• Managing a Task: Developing individual tasks for each development step while following the SMART principle
  • Key Performance Indicators (KPI): Adding realistic and commercial reasoning to the development tasks via milestones and KPI’s

These tips are not only useful for European startups, professional writers, consultants and Small and Medium-Sized Enterprises (SME) but are generally recommended when writing a business plan or investor documents.

Deadlines: Post-Horizon 2020, the EIC Accelerator accepts Step 1 submissions now while the deadlines for the full applications (Step 2) will be on June 16th 2021 and October 6th 2021 under Horizon Europe. The Step 1 applications must be submitted weeks in advance of Step 2. The next EIC Accelerator cut-off for Step 2 (full proposal) can be found here. After Brexit, UK companies can still apply to the EIC Accelerator under Horizon Europe albeit with non-dilutive grant applications only - thereby excluding equity-financing.

Contact: You can reach out to us via this contact form to work with a professional consultant. 

EU, UK & US Startups: Alternative financing options for EU, UK and US innovation startups are the EIC Pathfinder (combining Future and Emerging Technologies - FET Open & FET Proactive) with €4M per project, Thematic Priorities, European Innovation Partnerships (EIP), Innovate UK with £3M (for UK-companies only) as well as the Small Business Innovation Research (SBIR) and Small Business Technology Transfer (STTR) grants with $1M (for US-companies only). 

Any more questions? View the Frequently Asked Questions (FAQ) section.

Want to see all articles? They can be found here.

For Updates: Join this Newsletter!



by Stephan Segler, PhD
Professional Grant Consultant at Segler Consulting

General information on the EIC Accelerator template, professional grant writing and how to prepare a successful application can be found in the following articles:

How to Prepare for an EIC Accelerator Pitch Interview (SME Instrument Phase 2) – Part 1

The pitch interviews for the EIC Accelerator blended financing (formerly SME Instrument Phase 2, grant and equity financing) have been introduced quite recently but they are expected to remain a pillar of the evaluation process moving forward (read: Pitch vs. Proposal). With the jury consisting of mostly Venture Capitalists (VC) and angel investors, the focus of the interview is very commercialisation-oriented meaning that each applicant must understand their go-to-market strategy in and out (read: Why Companies Fail).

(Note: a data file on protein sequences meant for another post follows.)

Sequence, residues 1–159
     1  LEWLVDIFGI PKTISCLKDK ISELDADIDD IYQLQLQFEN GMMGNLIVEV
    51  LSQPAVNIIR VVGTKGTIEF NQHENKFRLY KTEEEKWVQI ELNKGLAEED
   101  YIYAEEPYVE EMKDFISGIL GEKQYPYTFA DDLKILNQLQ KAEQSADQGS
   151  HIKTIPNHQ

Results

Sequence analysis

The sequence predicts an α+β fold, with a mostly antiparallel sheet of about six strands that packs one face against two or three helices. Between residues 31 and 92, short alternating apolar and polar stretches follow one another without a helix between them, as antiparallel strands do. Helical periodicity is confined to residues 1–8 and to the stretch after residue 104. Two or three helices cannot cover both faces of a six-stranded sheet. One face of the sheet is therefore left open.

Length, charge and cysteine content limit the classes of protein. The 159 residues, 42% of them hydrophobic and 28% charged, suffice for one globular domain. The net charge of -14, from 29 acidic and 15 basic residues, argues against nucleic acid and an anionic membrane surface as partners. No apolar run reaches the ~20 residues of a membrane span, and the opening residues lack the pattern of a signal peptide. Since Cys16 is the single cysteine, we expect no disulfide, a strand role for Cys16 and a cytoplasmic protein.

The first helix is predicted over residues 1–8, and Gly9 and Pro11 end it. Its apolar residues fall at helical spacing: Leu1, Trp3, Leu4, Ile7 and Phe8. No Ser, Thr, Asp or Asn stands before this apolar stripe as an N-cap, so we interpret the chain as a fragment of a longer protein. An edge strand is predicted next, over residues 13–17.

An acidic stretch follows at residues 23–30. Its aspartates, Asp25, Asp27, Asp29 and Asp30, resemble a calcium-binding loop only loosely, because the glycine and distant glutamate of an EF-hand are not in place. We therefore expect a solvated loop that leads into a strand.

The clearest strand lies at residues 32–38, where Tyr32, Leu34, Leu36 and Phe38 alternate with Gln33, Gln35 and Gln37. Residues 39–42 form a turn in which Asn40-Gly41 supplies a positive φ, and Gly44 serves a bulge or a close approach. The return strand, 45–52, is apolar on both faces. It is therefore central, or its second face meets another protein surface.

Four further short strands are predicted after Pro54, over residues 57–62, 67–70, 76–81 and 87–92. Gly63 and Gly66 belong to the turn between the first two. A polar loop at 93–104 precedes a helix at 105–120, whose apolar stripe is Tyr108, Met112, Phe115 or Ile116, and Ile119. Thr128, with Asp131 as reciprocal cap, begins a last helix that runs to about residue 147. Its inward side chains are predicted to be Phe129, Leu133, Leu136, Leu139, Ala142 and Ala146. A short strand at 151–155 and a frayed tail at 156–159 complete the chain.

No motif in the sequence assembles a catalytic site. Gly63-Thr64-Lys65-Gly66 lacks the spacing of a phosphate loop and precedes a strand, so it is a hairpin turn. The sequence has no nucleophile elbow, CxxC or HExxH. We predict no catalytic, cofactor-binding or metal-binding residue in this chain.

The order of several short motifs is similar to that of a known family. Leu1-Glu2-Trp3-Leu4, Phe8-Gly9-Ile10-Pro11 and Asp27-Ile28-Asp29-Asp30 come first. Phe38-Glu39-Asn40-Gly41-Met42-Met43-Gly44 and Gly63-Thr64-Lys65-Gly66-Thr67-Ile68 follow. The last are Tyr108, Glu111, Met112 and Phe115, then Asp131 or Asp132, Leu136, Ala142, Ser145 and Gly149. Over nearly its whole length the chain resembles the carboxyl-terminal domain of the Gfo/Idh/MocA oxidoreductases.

The European Commission (EC) and European Innovation Council (EIC) do not give clear guidance on pitch preparation in their documentation or the official template which makes smart in-house practise a must. The following presents a shortlist of the steps to take before the interview and how a successful EIC Accelerator pitch interview could be facilitated. It is important to assess each pitch individually and that things that are omitted on this list might be relevant in specified cases (i.e. bringing a hardware prototype, preparing a video, etc.).

When working with a professional writer or consultant, it is ideal to use the opportunity to extensively practise the pitch with them in the days and weeks leading up to the interview. In the end, “Under pressure, you don’t rise to the occasion, you sink to the level of your training” (Archilochus, 680-645 BC). Since you already know the specific restrictions of the interview, you can now use this knowledge to perfectly prepare your impact ahead of time and make use of all the resources at your disposal.

1. Restrictions

  • Limited time: 10 min pitch & 30 min of questioning
  • Limited attention: Jury has to go through multiple interviews per day
  • Limited knowledge: The Jury does not need to know the project or proposal
  • Limited responsibility: The Jury will not invest their own money but only need to help the EU reject excess projects

2. How to Prepare for the Pitch

2.1 Learn from Past Pitches